Advantages not Lightly to be Thrown Away
Ronald Dore (Professor, University of London)
Japanese and Americans have an equal reputation for diligent industriousness, But I was recently prompted to reflect once again on the rather different world views, basic value systems which makes them so.
The occasion was a conference on corporate governance at Bocconi University in Milan. There was, of course, a great deal of talk of Enron and World Com, but some of the liveliest discussion was aroused by a paper by a pair of Swiss organisational theorists, (Margit Osterloh and Bruno Frey) entitled "Corporate Governance for Crooks?: The case for Corporate Virtue".
The general gist was roughly as follows. Surely there is something wrong with the current approach to corporate governance. You set up organisational systems which maximise the temptation for corporate executives to feather their own nest while claiming to be doing their best for the firm, and then when they succumb to that temptation you seek to punish them. And when too many people are being discovered to be cheating you can only think about increasing the punishments and finding better ways of detecting fraud.
They advocate three ways of doing better
1. Better selection of executives with the emphasis on the capacity for intrinsic rather than extrinsic motivation.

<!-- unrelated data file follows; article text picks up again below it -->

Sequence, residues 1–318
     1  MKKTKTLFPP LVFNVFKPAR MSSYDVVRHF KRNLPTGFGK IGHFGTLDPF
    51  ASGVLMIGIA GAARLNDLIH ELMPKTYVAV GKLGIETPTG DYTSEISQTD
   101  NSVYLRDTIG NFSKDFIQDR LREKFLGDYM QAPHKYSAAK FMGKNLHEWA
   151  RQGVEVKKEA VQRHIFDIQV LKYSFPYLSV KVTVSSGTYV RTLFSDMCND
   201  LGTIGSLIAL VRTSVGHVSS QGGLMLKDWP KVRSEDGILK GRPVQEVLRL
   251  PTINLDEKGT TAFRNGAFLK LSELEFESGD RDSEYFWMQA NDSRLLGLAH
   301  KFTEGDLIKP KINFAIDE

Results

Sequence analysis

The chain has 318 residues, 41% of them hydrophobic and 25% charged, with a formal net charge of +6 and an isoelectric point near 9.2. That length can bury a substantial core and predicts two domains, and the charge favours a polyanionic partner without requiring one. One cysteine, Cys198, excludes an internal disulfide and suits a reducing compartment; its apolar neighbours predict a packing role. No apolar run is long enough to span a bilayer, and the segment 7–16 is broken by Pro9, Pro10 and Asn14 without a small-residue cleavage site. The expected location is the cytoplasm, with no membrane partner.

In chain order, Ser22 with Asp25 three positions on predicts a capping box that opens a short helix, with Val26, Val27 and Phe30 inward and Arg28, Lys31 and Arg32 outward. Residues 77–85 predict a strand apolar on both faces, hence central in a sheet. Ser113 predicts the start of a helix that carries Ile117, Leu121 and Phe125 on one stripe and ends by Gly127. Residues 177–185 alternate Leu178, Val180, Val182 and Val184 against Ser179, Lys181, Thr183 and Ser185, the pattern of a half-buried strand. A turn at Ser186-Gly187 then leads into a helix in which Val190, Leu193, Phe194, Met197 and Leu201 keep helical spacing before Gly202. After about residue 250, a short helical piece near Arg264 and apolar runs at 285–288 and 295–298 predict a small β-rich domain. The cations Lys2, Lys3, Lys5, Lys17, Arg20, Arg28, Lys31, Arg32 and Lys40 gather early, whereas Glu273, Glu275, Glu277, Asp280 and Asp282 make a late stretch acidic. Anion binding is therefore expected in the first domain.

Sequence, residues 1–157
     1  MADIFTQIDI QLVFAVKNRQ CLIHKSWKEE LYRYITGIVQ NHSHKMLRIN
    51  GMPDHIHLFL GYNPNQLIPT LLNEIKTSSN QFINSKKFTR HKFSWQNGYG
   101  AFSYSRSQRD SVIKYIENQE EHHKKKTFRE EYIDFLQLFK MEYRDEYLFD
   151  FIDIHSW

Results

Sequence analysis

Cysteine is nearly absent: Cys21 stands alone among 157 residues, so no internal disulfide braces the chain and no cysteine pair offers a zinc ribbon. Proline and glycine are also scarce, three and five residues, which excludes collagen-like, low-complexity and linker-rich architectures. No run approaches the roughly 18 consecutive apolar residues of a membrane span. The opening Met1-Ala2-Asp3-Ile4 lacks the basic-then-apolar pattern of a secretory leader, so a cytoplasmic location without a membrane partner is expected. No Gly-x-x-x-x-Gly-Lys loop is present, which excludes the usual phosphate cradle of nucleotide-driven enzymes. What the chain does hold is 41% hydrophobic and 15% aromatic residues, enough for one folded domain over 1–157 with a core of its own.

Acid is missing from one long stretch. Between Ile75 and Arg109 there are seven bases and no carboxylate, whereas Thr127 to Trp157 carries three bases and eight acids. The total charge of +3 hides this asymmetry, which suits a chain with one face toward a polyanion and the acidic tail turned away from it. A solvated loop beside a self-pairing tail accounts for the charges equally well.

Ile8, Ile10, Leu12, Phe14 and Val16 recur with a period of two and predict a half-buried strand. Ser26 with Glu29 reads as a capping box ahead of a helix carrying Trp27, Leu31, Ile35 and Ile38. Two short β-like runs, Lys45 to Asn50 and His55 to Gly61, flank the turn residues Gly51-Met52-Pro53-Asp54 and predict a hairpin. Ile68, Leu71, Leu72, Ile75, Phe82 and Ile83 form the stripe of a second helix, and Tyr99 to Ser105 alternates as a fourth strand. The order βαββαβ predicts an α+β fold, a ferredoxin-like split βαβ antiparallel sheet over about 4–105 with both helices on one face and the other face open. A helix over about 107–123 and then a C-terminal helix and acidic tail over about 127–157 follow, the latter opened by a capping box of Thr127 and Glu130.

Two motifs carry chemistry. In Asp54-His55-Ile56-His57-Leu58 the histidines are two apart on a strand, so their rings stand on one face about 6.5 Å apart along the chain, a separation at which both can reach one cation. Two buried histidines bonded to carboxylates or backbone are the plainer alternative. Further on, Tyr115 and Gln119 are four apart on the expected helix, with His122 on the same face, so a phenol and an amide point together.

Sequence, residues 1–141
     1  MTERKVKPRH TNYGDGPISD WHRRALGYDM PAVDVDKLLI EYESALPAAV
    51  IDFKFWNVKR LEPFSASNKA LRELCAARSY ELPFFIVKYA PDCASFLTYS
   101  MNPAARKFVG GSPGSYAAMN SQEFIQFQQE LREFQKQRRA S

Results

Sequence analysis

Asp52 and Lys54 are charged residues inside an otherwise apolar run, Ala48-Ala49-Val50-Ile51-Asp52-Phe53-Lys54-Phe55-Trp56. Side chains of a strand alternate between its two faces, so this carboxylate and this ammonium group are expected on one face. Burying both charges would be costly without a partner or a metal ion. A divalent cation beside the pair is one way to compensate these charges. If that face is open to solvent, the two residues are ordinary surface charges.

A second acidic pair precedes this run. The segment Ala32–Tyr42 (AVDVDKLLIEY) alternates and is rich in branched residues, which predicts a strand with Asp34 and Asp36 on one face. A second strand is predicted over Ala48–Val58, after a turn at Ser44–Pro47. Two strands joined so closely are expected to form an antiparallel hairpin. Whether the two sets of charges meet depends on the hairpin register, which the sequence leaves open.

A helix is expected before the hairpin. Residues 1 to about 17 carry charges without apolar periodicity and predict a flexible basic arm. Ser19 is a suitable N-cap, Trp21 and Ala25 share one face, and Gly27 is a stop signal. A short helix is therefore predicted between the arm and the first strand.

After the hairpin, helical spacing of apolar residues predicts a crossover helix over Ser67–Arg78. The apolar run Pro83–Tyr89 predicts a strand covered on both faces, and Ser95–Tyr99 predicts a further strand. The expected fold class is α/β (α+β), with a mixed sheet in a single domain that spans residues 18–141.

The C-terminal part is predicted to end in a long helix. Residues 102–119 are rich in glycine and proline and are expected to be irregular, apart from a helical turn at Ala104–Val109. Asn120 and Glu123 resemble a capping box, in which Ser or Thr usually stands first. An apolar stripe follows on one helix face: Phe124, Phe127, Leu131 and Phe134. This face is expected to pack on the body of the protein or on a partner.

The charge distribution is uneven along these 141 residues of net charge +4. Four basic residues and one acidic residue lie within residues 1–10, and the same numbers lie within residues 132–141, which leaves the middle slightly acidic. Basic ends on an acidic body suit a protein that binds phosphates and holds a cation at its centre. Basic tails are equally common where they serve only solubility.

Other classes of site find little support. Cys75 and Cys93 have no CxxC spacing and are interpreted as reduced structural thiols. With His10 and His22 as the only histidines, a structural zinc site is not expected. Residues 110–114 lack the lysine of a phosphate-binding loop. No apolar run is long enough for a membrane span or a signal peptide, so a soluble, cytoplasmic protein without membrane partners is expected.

2. More use of fixed salaries rather than stock options or performance bonuses.
3. Greater participation of employees and stronger corporate self-governance.
The key to their argument lies in the distinction psychologists studying motivation make between extrinsic and intrinsic rewards, exemplified in the difference between working primarily for the carrots and to avoid the sticks which come form some outside agency, as opposed to working for the pleasure derived from the work itself or for the sense of satisfaction in fulfilling obligations. The stock option, designed to align the interests of the executive with those of the shareholder owners is a good example of an extrinsic reward. Its introduction reveals the assumption that men and women are basically self-interested and giving them the prospect of money and other benefits is the best way of making them work. By contrast, the system of fixing pay annually, as in the Japanese nenko system, on the basis of seniority (the nen) and some assessment of how well the individual has worked over the past year (the ko) is based on the assumption that, provided the merit/performance assessment system is generally believed to be fair, people will be well enough motivated to do a good job by the satisfaction they get out of the work and out of the feeling that they have done what is expected of them by their colleagues.